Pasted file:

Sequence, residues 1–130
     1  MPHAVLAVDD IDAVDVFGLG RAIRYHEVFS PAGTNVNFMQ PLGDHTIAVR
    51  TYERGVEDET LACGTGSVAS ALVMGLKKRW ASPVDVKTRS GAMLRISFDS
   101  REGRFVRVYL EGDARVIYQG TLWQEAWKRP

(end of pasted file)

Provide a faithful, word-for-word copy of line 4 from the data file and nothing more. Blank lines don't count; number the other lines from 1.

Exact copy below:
   101  REGRFVRVYL EGDARVIYQG TLWQEAWKRP